I advocate against the inappropriate use of antipsychotics in treating people who live with dementia because I have seen first hand the devastating impact these drugs may have. Sadly, many dementia care partners are forced to turn to medication out of desperation. In order to be be able to make an informed decision, it’s important to know the side effects of the medication in question.
Antipsychotics risperidone (Risperdal) and queitapine (Seroquel) carry black box warnings in the US because, like other antipsychotics, they increase the risk of mortality in elderly patients with dementia. Furthermore, recent research shows these medications are largely ineffective in treating behavioural expressions in people who live with dementia. Not surprisingly, geriatricians worldwide recommend against their use, saying they should only be given as a last resort after all non-pharmacological strategies have been tried. Unfortunately, too many people who live with dementia are still inappropriately prescribed these drugs, just as my mother was.
Risperidone (Risperdal) is an atypical antipsychotic drug that is meant to be used to treat schizophrenia and symptoms of bipolar disorder. In Canada, it is “restricted to the short-term symptomatic management of aggression or psychotic symptoms in patients with severe dementia of the Alzheimer type [who are]unresponsive to non-pharmacological approaches and when there is a risk of harm to self or others.” (Bolding mine.) More information on Canada’s position here.
The United States Federal Drug Administration includes this “black box warning” on its Risperdal information sheet:
In November 2013 pharmaceutical giant Johnson and Johnson was fined $2.2 billion by the United States Department of Justice for illegally marketing three drugs one of which was Risperdal (for use in people with dementia).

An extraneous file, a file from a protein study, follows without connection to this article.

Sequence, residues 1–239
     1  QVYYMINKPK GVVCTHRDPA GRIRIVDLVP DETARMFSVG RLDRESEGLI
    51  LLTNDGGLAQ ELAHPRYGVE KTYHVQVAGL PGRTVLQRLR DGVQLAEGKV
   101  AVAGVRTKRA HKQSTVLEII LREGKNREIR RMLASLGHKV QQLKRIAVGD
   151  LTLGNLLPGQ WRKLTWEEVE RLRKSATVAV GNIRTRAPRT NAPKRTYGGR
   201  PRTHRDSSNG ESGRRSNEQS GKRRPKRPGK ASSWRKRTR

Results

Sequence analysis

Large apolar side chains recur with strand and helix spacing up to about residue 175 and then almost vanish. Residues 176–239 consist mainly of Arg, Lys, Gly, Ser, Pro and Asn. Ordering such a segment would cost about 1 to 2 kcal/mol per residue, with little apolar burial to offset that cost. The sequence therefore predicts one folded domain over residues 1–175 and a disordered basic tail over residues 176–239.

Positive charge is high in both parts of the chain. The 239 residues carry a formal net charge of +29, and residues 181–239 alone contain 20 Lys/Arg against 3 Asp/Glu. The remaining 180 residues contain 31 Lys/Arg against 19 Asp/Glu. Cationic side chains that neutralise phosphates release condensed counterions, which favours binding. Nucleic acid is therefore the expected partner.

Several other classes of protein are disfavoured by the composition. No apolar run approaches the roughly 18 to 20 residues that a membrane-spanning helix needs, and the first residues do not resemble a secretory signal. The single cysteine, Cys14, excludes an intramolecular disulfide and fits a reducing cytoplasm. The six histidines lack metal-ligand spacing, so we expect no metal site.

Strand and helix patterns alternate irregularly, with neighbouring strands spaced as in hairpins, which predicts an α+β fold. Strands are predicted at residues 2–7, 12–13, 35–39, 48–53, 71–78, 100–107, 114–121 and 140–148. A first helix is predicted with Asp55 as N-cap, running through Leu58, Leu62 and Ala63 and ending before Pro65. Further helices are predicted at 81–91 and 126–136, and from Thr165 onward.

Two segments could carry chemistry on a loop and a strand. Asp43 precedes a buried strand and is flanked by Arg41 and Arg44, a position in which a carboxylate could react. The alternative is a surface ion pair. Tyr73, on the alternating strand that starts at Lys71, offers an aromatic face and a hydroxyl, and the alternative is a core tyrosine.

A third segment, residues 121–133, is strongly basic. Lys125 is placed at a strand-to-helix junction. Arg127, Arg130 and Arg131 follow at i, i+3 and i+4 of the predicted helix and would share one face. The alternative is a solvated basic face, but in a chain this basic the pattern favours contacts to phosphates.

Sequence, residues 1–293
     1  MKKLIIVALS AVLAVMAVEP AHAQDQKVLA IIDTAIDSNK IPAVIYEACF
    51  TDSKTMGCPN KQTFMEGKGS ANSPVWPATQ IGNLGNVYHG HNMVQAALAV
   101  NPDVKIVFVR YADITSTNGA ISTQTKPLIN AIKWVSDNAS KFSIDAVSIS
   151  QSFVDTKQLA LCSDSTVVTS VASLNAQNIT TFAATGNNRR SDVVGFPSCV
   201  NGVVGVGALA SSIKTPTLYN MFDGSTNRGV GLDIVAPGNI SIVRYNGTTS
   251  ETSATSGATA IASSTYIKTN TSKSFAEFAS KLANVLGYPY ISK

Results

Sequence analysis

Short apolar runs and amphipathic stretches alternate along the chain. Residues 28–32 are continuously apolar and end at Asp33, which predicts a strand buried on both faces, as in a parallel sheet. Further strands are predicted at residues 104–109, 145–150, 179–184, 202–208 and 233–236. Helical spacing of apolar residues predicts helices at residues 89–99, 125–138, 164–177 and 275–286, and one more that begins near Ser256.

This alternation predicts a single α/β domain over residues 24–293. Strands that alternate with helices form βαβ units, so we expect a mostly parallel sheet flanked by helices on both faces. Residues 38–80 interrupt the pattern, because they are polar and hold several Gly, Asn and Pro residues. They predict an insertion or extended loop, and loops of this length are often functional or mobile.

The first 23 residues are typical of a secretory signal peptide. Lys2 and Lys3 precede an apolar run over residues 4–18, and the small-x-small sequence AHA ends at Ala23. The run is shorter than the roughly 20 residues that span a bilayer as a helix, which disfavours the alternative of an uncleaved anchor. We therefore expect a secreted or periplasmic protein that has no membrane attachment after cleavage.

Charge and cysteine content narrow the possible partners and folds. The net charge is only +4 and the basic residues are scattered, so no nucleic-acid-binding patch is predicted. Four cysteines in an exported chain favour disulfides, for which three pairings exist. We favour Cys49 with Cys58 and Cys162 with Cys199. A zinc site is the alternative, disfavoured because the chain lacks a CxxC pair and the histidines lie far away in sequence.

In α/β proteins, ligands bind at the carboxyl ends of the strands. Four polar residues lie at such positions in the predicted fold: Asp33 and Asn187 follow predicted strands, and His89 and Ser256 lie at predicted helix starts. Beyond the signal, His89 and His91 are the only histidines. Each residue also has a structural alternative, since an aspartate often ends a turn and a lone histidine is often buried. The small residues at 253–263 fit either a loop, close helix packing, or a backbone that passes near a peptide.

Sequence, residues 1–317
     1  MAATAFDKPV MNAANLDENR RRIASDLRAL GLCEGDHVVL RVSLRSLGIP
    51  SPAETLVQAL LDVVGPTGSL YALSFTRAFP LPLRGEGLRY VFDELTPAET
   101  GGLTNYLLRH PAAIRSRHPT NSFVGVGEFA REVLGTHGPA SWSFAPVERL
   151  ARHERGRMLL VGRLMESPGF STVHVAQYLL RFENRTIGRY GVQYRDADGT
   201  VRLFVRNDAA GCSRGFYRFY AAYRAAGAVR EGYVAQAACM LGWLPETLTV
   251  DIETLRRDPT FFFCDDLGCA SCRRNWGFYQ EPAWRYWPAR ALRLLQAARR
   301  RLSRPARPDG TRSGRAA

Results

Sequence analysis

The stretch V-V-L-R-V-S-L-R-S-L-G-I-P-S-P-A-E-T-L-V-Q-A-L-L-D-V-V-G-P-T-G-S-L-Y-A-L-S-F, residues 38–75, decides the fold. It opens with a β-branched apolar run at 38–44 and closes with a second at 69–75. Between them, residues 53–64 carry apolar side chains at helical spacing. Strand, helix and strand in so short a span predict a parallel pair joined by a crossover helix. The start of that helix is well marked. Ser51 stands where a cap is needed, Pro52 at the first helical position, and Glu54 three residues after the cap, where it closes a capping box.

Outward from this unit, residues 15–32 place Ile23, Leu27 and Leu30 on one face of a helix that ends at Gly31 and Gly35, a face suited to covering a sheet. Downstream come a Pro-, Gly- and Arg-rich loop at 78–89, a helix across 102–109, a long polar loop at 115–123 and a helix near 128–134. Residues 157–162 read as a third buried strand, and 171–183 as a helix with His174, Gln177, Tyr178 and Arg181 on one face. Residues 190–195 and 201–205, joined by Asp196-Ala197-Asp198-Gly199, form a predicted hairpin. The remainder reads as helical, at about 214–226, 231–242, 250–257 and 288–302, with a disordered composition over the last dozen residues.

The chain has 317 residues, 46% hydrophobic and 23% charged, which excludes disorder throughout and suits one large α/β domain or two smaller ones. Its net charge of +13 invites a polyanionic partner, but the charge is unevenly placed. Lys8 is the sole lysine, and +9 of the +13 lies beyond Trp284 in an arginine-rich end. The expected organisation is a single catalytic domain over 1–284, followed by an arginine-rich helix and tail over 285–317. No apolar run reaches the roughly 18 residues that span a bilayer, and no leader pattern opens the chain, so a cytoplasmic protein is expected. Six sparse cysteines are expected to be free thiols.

Risperdal may produce side effects similar to the very conditions it is meant to alleviate in people who live with dementia.
Here are 40 of the potential side effects of Risperdal (there are more here):
- aggressive behaviour
- changes in vision, including blurred vision
- difficulty concentrating
- difficulty speaking or swallowing
- inability to move the eyes
- increase in amount of urine
- loss of balance control
- mask-like face
- memory problems
- muscle spasms of the face, neck, and back
- problems with urination
- restlessness or need to keep moving (severe)
- shuffling walk
- skin rash or itching
- stiffness or weakness of the arms or legs
- tic-like or twitching movements
- trembling and shaking of the fingers and hands
- trouble sleeping
- twisting body movements
- back pain
- chest pain
- speech or vision problems
- sudden weakness or numbness in the face, arms, or legs
- dry mouth
- increased dream activity
- increased length of sleep
- sleepiness or unusual drowsiness
- sore throat
- stuffy or runny nose
- unusual tiredness or weakness
- weight gain
Giving risperidone (Risperdal) to people who live with dementia and who may be unable to report the side effects they are experiencing is cruel and in many cases completely unnecessary. Read more about why drugs like Risperdal are still inappropriately prescribed to elderly people who live with dementia.